and the CFOM value can be read. The highest CFOM value could not correspond to the correct solution while subsequent different trials may be successful. This is particularly true when several nearly equivalent CFOM’s are available for different trials as in the picture. If the trial has been already developed (done=’yes’), you can read the RF figure of merit value that quantifies the agreement between the structure factors extracted from the experimental pattern and calculated by the model.
Check the button in the first column to decide which trial will be developed and press the button . If you check the button Select all new trials, all the trials not already explored will be automatically selected and developed.

You can choose three different actions for the structure model optimization (see later):

  1. RBM: Resolution Bias Modification is the default action for organic and metal organic compounds (Altomare et al., 2008a, 2008b; 2009, 2010a, 2010b).
  2. Fourier: classical Fourier refinement, default choice for inorganic compounds (Altomare et al., 2006).
  3. E-map: the first electron density map calculated directly after the phasing process by Direct Methods.
  4. COVMAP: the covariance principle based completion (Altomare et al., 2012).

At the end of the procedure, all the trials appear ordered according to the RF value and the user can also view the model corresponding to each trial by mouse selection.

Alternatively to the graphical option, the use of the command %alltrials in the input file automatically activate the ‘Explore trials’ approach. An example of input file is here reported:

%structure merca
%job merca
%data
cell       7.885  5.976   14.949  90.0  100.48  90
space p 21/c
content    c 28 O 8 S 4 h 24
pattern    pd_0002.xy
wavelength 1.54056
%alltrials

Structure model optimization

The structure model obtained at the end of the default strategy, generally is a partially correct representation of the true model: some atoms are in correct positions but other ones are moved with respect to the correct positions or completely false. In this situation the user can try to improve the quality of the Fourier mapobtained at the end of Direct Methods, by using different optimization strategies implemented in the EXPO2014 program:

  1. suitably weighted least squares (wLSQ) (Altomare et al., 2006), able to compensate the low accuracy of the intensities of strongly overlapped reflections. The procedure is automatically applied in case of inorganic compounds.
  2. the resolution bias correction algorithm (RBM) (Altomare et al., 2008a, 2008b; 2009, 2010a, 2010b) for reducing, in the electron density map, the errors caused by the limited experimental resolution: peak broadening, peak shift, intensity distortion. The correction has been developed in direct space (it represents the default choice in case of organic and metal organic compounds), in reciprocal space and in both direct and reciprocal space;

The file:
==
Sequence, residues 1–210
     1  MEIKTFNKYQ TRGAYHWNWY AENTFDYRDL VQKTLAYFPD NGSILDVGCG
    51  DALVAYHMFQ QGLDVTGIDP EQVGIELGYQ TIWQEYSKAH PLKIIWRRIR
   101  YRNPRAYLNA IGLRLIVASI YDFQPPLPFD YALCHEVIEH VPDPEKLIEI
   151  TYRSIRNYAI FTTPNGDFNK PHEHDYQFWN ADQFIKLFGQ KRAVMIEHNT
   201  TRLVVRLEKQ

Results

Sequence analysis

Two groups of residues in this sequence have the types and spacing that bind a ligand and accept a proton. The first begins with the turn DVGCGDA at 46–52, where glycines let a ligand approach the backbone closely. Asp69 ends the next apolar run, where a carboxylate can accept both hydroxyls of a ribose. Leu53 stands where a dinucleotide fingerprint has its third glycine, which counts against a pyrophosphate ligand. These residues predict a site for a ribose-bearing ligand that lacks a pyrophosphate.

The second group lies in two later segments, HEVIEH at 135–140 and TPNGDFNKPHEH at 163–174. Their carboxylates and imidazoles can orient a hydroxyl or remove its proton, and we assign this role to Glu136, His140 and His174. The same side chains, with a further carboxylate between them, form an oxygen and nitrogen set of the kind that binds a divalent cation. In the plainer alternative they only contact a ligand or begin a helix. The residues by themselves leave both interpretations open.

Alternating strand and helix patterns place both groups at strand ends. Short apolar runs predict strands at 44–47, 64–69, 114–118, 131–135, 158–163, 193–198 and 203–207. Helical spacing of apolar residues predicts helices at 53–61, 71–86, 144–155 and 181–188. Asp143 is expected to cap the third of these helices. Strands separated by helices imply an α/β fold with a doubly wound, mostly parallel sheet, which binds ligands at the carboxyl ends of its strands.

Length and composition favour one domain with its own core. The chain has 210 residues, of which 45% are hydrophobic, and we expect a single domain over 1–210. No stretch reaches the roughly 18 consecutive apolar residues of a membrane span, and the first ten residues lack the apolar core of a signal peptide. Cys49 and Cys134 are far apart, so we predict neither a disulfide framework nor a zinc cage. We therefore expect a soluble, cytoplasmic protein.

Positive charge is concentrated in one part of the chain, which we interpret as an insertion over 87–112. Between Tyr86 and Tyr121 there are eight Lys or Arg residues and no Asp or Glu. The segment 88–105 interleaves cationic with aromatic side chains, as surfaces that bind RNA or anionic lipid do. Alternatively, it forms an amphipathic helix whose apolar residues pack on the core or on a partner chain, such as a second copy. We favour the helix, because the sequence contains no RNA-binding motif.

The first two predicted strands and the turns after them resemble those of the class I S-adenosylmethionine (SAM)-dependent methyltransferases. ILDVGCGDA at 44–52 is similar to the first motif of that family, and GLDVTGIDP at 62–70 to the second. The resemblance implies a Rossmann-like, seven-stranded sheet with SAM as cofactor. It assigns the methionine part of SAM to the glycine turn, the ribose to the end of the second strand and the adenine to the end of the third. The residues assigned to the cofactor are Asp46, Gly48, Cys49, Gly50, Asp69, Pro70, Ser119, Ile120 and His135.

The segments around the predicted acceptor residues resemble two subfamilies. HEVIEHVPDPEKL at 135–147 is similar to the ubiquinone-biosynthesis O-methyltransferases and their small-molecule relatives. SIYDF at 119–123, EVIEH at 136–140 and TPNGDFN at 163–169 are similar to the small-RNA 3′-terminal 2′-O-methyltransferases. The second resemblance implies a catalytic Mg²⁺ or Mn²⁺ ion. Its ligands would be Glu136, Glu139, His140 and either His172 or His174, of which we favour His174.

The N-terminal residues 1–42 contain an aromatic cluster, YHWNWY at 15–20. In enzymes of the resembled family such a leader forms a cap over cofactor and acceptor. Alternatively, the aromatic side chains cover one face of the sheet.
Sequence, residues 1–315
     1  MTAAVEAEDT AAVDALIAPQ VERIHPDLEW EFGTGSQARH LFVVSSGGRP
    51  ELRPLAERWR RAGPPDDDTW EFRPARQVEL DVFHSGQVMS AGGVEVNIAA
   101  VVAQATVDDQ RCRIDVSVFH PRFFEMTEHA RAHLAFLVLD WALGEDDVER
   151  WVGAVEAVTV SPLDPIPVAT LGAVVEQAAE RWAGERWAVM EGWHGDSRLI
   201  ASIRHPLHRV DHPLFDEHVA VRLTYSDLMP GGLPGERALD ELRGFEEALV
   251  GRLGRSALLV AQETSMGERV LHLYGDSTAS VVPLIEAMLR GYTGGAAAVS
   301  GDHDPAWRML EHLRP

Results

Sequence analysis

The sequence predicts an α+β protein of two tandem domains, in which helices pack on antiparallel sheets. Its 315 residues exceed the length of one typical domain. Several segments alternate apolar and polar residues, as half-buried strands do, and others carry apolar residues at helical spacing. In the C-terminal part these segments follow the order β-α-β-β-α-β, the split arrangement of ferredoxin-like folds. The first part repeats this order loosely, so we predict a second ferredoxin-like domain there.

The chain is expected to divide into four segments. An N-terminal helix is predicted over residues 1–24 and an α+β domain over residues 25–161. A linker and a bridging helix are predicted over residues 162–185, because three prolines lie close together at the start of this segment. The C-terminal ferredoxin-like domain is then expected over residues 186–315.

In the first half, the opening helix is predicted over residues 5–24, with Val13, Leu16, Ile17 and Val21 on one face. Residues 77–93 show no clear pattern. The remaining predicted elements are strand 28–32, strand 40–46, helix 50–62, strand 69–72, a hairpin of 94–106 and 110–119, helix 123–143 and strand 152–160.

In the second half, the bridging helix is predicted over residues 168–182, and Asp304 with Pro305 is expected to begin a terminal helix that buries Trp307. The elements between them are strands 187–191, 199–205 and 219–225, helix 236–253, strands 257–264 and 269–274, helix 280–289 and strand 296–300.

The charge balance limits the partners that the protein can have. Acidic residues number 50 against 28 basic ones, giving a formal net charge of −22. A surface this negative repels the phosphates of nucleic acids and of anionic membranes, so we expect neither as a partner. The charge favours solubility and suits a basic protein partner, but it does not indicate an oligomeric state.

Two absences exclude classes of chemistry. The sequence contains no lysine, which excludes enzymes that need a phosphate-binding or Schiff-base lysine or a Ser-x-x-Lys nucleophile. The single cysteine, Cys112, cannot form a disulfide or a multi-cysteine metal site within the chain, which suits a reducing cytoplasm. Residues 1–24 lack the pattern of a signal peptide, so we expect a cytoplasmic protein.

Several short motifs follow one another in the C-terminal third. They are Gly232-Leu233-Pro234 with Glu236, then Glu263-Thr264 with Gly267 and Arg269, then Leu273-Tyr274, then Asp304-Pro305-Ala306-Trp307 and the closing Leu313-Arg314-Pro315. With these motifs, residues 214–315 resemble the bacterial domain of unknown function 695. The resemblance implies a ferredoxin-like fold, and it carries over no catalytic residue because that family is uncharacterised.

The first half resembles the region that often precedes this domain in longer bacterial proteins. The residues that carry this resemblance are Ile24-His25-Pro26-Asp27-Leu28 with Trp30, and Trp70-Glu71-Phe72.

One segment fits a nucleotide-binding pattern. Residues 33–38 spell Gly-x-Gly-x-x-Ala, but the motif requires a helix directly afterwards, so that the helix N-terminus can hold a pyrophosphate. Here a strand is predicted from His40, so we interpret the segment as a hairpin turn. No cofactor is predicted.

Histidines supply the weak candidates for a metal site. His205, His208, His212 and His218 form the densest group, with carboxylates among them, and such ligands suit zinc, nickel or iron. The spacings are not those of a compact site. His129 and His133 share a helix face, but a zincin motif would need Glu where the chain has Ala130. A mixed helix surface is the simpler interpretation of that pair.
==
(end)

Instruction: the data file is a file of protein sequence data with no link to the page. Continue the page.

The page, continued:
3. the procedure of electron density modification based on the concept of covariance between points of the map (COVMAP) (Altomare et al., 2012).  The procedure executes the following strategy: the structural model provided by the RBM procedure is submitted to COVMAP approach which suitably modifies the electron density map and successively submits the improved model to wLSQ analysis. The resulting new model is again modified by COVMAP and cyclically processed in the other two steps. The number of cycles depends on the structure complexity. 

It is possible to graphically choose different RBM procedures for model optimization by Refine > Resolution Bias Modification (RBM) from the upper EXPO2014 menu.

Apply the RAMM (RAndom Model based Method) procedure

The new method RAMM (Altomare et al., 2013) has been developed and implemented in the EXPO2014 program for improving the ab-initio crystal structure solution process. When the available information consists of only the experimental powder diffraction pattern and the chemical formula of the compound under study, the structure solution classical approach follows two main steps: 1) phasing by Direct Methods and obtaining a structure model (this last is usually uncompleted and/or approximate); 2) improving the model by structure optimization techniques. The alternative RAMM approach skips step 1) and supplies a fully random model to step 2). Such model is then submitted to important structure optimization tools present in EXPO2014: wLSQ , RBM and COVMAP which are able to lead to the correct structure. RAMM is based on a cyclic process generating several random models which are then optimized. The process stops automatically when recognizes the correct structure.

Click ‘RAMM’ on the menu ‘Solve’ to activate this alternative strategy for structure solution at the end of the default run of EXPO2014. The following pictures are related to 2-Mercaptobenzoic acid, whose input file is in the directory examples.